This ETF offers an excellent combination of income and growth potential.
Exchange-traded funds, or ETFs, can be a great way to add income and growth to a retirement portfolio without excessive reliance on any particular stock. However, too many retirees focus exclusively on the headline market indices like the S&P 500 and Nasdaq and don’t allocate any of their capital to real estate.
However, real estate investment trusts, or REITs, are not only a great income investment. They can add diversification, lower portfolio volatility, and offer excellent long-term growth potential. And that’s why the Vanguard Real Estate ETF (VNQ -0.62%) can be a great ETF to consider for your retirement portfolio.
The Vanguard Real Estate ETF in a nutshell
The Vanguard Real Estate ETF invests, as the name implies, in a portfolio of real estate stocks — specifically, real estate investment trusts. At the end of May, the ETF owned 171 different REITs in its portfolio, including operators of residential, retail, industrial, healthcare, office, and other types of commercial real estate.
Like most index funds, the Vanguard Real Estate ETF is weighted by market cap, which means larger REITs make up more of the fund’s assets than smaller ones. So, the top holdings of the fund are some of the largest real estate owners in the world, such as American Tower (AMT 0.09%), Prologis (PLD -0.55%), Crown Castle (CCI -0.76%), and Equinix (EQIX -2.93%).
Like most exchange-traded funds, the Vanguard Real Estate ETF has a management fee, but at 0.12% of assets under management annually, it’s one of the cheapest ways to get broad exposure to a portfolio of REITs.
Why is this a great fit for retirement accounts?
There are a few reasons why the Vanguard Real Estate ETF can be a great fit for retirement accounts.
The most obvious reason is income. With a 2.4% dividend yield based on the current stock price, the Vanguard Real Estate ETF isn’t the highest-yielding investment you can buy, but it is a solid income investment that is a great combination of cash flow and upside potential. Plus, REITs in general have a solid history of raising their dividends over time, so this should be a growing income stream. If you’re currently retired, this can be a great way to create income and protect against inflation, and if you’re still decades away from retirement, you can be confident that your shares will produce a significantly higher income stream by the time you need it.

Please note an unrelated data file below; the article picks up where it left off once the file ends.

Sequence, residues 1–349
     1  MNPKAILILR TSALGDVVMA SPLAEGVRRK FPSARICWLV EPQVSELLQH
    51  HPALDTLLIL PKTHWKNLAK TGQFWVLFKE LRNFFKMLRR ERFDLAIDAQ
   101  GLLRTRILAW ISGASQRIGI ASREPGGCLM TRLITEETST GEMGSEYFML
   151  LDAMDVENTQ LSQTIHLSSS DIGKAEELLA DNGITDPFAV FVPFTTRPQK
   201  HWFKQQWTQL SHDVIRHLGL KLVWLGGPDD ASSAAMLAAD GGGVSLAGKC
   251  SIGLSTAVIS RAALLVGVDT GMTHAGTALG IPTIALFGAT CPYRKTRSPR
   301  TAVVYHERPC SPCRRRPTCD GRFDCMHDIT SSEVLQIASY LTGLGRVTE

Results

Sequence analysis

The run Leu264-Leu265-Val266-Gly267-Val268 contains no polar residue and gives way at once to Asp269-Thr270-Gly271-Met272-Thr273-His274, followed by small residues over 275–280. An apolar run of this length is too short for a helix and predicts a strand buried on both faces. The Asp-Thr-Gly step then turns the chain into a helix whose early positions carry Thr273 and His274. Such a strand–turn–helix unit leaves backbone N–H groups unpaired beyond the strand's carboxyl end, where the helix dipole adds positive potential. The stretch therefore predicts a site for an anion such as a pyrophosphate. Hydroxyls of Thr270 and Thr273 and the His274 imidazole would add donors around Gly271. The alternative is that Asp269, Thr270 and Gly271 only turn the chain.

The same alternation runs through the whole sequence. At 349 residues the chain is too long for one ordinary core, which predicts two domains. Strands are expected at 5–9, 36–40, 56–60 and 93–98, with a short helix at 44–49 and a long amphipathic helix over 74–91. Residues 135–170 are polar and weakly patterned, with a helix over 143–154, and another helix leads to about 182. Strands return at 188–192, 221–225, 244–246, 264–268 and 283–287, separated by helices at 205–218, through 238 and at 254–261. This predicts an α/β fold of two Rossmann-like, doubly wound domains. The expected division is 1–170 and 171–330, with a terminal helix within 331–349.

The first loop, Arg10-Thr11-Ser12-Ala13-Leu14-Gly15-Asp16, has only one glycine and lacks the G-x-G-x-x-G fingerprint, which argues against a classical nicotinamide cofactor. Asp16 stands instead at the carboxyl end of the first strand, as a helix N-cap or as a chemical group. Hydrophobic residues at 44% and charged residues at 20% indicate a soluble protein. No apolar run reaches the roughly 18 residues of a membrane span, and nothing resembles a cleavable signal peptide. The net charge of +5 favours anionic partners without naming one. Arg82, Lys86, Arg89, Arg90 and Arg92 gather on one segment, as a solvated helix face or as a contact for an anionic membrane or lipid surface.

Another good reason to consider this REIT ETF for your retirement account is low volatility. While REITs can certainly be volatile at times just like any other stock investment, they have a solid track record of below-average volatility. According to the NCREIF Property Index (NPI), which tracks commercial real estate performance, commercial real estate as an asset class has outperformed the S&P 500 over time and with less than half of the standard deviation in returns. The S&P 500’s worst performance was its 37% loss in 2008, while the worst performance of commercial real estate was a drop of 16.9%.
And finally, as briefly mentioned in the last paragraph, just because real estate is seen as a low-volatility income investment doesn’t mean you’re sacrificing long-term growth potential. In fact, by most long-term indices, real estate has actually outperformed the stock market as a whole. Since 1972, the FTSE Nareit All Equity REITs index has delivered annualized total returns of 12.2%, compared with about 10.7% annualized for the S&P 500.
How should you incorporate the Vanguard Real Estate ETF into your strategy?
The short answer is that it depends on your overall investment goals and risk tolerance, but it’s tough to make the argument that the Vanguard Real Estate ETF isn’t a good fit for a retirement portfolio. It offers a rare combination of income, growth, and stability, and can be a great way to add diversification to your retirement investment strategy without sacrificing return potential.